On March 7, 2022, Opportunity Finance (OppFi), a nonbank consumer lender, filed suit in Los Angeles Superior Court against the California Department of Financial Protection and Innovation (DFPI) seeking declaratory and injunctive relief against what it calls an “unlawful threatened enforcement of [California’s] Fair Access to Credit Act.” OppFi partners with FinWise Bank to offer unsecured consumer loans in California. Because it is chartered in Utah, FinWise is entitled to interest-rate preemption under the Federal Deposit Insurance Act (FDIA). This means that FinWise can make loans under Utah’s Consumer Credit Code, which permits consumer lenders to contract for “any interest rate”, in lieu of California’s Consumer Financing Law, which limits interest to 36% annually. OppFi positions itself as a technology provider to the bank offering underwriting (based on bank-approved criteria), marketing, and other services.
OppFi’s suit against the DFPI highlights the ongoing power struggle between state and federal regulators for authority over non-bank consumer lenders. Much of the controversy has been focused on bank partnerships like OppFi’s and three separate, but related, federal rulemakings that address the scope of banks’ interest-rate preemption rights. These rulemakings, and the states’ opposition to them, have important implications for OppFi and other consumer lenders that use bank partnerships to operate across state lines without submitting to state licensure requirements and usury limits.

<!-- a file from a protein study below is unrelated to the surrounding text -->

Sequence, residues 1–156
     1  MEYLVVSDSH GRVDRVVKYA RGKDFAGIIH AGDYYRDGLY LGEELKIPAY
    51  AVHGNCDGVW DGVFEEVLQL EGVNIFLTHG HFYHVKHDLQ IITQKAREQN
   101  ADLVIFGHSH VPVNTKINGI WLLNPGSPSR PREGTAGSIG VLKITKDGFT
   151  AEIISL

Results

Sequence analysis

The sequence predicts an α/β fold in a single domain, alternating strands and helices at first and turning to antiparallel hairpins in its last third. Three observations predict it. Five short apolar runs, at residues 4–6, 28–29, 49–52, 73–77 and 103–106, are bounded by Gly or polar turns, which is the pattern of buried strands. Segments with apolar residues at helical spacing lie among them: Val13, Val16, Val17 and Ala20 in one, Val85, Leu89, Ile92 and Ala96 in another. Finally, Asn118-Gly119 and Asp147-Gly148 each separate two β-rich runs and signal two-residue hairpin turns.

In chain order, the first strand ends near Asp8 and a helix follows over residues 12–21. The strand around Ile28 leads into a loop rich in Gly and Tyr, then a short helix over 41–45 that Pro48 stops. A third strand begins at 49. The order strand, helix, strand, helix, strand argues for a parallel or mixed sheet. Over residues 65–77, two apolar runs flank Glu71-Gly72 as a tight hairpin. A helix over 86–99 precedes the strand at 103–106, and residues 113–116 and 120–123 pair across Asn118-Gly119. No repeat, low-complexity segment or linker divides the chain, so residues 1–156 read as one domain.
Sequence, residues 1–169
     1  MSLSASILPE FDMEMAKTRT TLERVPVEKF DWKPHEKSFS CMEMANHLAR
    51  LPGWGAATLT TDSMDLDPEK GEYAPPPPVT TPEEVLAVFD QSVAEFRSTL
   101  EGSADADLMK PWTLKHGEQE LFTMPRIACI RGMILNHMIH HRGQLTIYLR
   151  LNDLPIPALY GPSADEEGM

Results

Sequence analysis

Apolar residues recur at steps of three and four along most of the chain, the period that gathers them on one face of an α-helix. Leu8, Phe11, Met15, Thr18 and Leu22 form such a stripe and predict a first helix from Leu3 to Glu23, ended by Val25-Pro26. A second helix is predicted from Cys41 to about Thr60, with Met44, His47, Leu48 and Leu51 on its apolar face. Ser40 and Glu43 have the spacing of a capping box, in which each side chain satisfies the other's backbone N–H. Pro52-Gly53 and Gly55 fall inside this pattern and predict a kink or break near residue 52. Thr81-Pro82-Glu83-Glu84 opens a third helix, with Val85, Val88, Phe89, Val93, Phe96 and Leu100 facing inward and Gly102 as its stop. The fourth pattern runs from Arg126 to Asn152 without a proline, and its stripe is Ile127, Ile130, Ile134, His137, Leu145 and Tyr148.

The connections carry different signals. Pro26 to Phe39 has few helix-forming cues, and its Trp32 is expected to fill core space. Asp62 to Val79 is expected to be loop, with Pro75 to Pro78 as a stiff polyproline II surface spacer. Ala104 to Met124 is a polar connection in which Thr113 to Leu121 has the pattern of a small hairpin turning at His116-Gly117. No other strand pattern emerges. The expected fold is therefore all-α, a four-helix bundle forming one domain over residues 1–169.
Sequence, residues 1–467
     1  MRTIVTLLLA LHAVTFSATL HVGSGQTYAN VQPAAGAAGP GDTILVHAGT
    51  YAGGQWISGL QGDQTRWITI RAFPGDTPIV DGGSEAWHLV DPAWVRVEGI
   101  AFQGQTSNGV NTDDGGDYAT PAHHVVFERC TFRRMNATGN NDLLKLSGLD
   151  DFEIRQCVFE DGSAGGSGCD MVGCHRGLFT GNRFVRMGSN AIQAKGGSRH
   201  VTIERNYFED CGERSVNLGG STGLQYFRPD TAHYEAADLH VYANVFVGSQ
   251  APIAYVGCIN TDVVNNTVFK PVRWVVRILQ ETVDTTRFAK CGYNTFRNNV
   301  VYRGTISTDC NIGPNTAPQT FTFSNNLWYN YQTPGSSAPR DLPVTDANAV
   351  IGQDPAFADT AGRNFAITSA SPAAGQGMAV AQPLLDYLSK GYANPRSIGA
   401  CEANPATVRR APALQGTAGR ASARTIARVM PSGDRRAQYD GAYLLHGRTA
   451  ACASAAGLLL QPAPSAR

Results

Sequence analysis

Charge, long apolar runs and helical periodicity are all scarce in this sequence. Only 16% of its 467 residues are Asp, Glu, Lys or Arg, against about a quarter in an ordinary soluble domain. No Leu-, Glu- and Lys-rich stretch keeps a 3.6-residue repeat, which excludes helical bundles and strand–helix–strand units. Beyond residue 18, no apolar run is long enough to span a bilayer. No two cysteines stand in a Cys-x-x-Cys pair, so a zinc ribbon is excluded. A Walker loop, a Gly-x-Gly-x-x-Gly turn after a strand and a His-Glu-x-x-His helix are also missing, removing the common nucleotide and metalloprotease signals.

- Federal “True Lender” and “Valid-When-Made” Rules
In 2020, the Office of the Comptroller of the Currency (OCC) issued two rules intended to protect national banks’ ability to make and securitize consumer loans without regard to state consumer financial protection laws. The “true lender” rule attempted to clarify that a national bank has “true lender” status, and preemption privileges, with respect to any loan that it either funds or originates pursuant to a loan agreement naming the bank as the lender. As we reported previously, Congress repealed the OCC’s true lender rule in July 2021. The OCC’s “valid when made” rule was intended to ensure that national banks could transfer consumer loans they originated to non-banks at the contracted interest rate, regardless of the interest-rate laws of the borrower’s home state.1
Although the FDIC did not issue a true lender rule, it did issue an equivalent to the OCC’s valid-when-made rule for state-chartered, FDIC-insured banks. In August 2020, several states, including California, filed suit in the District Court for the Northern District of California challenging the validity of the OCC’s and FDIC’s valid-when-made rules on the grounds that, by failing to adequately consider the rules’ effect on the states’ ability to protect their residents from predatory loans, the OCC and FDIC had violated the Administrative Procedure Act. The district court granted summary judgment in favor of both agencies, a point OppFi would later raise in its complaint against the DFPI.
- OppFi’s Suit against the DFPI
OppFi’s California suit seeks: (1) a declaration that California’s interest-rate caps do not apply to its loan program with FinWise and (2) an injunction prohibiting the DFPI from enforcing the State’s 36% rate cap with respect to program loans. The complaint indicates that, during the course of an extended dialogue with the DFPI, OppFi provided the agency with information regarding its partnership with FinWise. According to the complaint, the DFPI notified OppFi in February 2022 that the program loans violated California’s Consumer Financing Law because OppFi, not FinWise, was the true lender with respect to the loans, which carried interest rates above the statutory maximum.